Prices will range from $180 up to $550 which will depend mainly on the quality and quantity of the ingredients as well as the reputation of the place and chef.
Here is a short list of some of the places where you are able to dig into some real good Chiles en Nogada in 2020.
Tierra Adentro Cocina
This is one of my favorite casual restaurants in the city and just made it to my list of Favorite Spots in 2020. It’s locates in a very low key neighborhood (Portales) and they get most of their ingredients from small local producers. Their chiles en Nogada are prepared with ingredients brought from Puebla specially for them. The portion is very filling and price-wise you could not get any better.
Nogada is not to sweet and they are not battered which is completely up my alley. You can pre order via Instagram and facebook and get them delivered or por pickup.
Nevado 112, Col. Portales Sur.
Alba Cocina Local
Located in the beautiful Juárez neighborhood, home of some of the most creative cuisine happening in the city right now, Alex Cabral brings us a different version of Chiles en Nogada each year.
Whether he offers a chile with duck meat or a vegetarian version of it, it will be without a doubt one of the most interesting versions around. So stay tuned and follow them on Instagram to find out when can you start placing your order.
Marsella 80 , Col. Juárez
A proper Mexico City institution, Nico’s under the notorious head chef Gerardo Vázquez Lugo has been pleasing even the most demanding palates for over 63 years.
Their Chiles en Nogada are always at the top of every publication’s list and it’s all due to the very high quality of their ingredients as well as the size of their portions.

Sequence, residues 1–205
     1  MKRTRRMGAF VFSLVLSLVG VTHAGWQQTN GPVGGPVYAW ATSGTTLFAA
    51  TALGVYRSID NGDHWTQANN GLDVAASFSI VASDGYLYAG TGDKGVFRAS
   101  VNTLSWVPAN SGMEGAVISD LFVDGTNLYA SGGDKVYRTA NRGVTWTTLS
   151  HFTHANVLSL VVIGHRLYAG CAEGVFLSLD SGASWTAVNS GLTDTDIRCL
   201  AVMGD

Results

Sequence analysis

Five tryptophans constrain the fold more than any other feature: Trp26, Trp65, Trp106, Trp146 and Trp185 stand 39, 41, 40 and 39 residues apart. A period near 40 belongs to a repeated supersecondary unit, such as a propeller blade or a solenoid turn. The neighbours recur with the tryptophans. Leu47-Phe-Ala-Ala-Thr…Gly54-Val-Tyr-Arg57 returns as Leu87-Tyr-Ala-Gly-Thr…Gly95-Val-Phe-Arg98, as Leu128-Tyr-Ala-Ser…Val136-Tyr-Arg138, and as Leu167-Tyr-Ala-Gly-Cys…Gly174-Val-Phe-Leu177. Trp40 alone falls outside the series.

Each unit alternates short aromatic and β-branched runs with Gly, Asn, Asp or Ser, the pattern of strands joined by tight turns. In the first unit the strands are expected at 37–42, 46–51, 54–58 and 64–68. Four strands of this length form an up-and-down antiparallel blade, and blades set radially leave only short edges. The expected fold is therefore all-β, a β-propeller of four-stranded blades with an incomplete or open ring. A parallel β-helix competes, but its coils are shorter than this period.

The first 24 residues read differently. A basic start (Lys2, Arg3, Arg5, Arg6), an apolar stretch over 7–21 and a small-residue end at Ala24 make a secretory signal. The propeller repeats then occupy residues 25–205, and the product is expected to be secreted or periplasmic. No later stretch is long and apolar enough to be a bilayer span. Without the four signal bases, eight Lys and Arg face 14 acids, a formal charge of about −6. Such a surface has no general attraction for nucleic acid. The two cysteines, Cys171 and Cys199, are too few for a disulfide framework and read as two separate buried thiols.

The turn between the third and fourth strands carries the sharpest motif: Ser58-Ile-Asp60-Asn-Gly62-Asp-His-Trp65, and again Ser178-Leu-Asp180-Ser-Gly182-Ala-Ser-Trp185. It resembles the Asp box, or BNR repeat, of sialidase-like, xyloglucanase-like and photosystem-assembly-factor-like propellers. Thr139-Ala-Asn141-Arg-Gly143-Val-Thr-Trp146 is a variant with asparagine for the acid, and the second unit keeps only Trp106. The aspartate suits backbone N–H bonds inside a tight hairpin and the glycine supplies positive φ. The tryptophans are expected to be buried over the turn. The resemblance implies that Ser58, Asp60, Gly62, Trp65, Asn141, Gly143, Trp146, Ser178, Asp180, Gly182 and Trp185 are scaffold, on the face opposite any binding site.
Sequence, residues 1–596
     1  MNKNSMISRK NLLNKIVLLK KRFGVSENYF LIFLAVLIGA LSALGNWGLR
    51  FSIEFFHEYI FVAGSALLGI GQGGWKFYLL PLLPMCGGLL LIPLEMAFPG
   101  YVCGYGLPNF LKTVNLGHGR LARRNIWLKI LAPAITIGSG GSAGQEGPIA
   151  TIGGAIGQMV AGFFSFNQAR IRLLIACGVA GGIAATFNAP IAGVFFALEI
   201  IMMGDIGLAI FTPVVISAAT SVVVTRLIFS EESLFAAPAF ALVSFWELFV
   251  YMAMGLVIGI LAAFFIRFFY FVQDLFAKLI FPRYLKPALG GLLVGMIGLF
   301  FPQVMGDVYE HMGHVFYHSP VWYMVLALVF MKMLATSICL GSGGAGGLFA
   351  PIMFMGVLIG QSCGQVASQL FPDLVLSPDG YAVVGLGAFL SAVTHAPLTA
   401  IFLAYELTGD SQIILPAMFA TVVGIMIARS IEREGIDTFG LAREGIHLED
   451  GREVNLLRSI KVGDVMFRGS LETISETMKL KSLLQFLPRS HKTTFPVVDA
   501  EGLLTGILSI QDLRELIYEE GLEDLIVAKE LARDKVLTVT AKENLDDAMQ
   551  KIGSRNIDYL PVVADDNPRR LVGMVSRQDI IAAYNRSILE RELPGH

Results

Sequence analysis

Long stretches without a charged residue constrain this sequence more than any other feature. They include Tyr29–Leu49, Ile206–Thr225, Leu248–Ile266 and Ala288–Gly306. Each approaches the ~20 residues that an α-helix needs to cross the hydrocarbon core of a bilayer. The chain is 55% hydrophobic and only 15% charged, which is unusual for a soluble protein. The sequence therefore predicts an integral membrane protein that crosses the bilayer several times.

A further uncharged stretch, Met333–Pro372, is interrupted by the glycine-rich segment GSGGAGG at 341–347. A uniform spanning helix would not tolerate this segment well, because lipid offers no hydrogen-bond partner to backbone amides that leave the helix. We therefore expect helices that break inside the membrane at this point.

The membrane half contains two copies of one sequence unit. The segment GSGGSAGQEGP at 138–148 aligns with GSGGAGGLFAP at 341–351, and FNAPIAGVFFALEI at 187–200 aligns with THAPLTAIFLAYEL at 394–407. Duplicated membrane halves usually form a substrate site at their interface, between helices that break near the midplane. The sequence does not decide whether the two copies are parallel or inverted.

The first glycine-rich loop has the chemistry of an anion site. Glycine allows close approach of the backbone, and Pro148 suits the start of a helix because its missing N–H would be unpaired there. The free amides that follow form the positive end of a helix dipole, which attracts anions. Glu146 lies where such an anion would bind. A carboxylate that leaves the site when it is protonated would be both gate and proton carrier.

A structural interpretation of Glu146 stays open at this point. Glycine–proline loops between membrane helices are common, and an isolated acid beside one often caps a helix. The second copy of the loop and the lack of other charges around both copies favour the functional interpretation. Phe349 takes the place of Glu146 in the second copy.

The meat is chopped by hand (!!!) and you can choose whether you want a battered chile or a “naked” one. The Nogada sauce is not to sweet and it’s perfect to pair with a good Rosé wine (yes, please).
Available for takeout or you can book here a socially distanced table if preferred. Follow them in Instagram or order directly at their sister brand’s Instagram Maizajo.
Av. Cuitláhuac 3102, Col. Claveria
The restaurant Azul prides itself of having one of the most prolific Mexican Gastronomy investigators as Head Chef, Ricardo Muñoz Zurita. Who literally wrote the Enciclopedic book about Mexican Gastronomy and has been studying chiles and indigenous ingredients from around the Mexican territory.
They’re the ones with more options for the Chile en Nogada. You can choose the style of meat for the filling whether you want it chopped by hand, shredded, ground or even skip it completely to have a vegetarian option.
You can also customize your Nogada sauce, you can opt for a sweet version, a savory one or go for half & half. All chiles are dressed with a beautiful ribbon bow and served cold as they think of it as a fresh summer dish and can be perfectly paired with champagne.
Av Nuevo León 68, Col. Hipódromo
Price: $380 – $410
From the heart of the Historic Center of Mexico City comes this amazing hidden gem: Roldán. Their speciality are all types of stuffed chillies so it doesn’t come as a surprise that their Chile en Nogada is astounding.
There is no batter coating the Chiles and they’re served warm with a very generous amount of Nogada that’s on the sweet side and with a nice hint of sherry.
Getting to this restaurant can be a daunting task as it is in the not-so-touristy part of the Centro, but the ambiance and service of the place will make it worth your time.
Roldán 37 , Col. Centro
Nunnery Las Clarisas
This is the only Chile en Nogada not in Mexico City but in the state of Puebla. The chili was covered with a fluffy egg batter, the sauce was heavy on the sherry and a little bit sweet but it was my absolute favorite Filling: the amount of perfectly chopped fruit was the same as the amount of meat in it, making it way more different and interesting than any other chili I’ve ever tried (In fact, my recipe post is based on this proportion).
This is an enclosed nunnery, meaning only the mother superior is able to have contact with customers outside and they can only take requests on weekends. Get there early as they run out of chiles every day before 11am.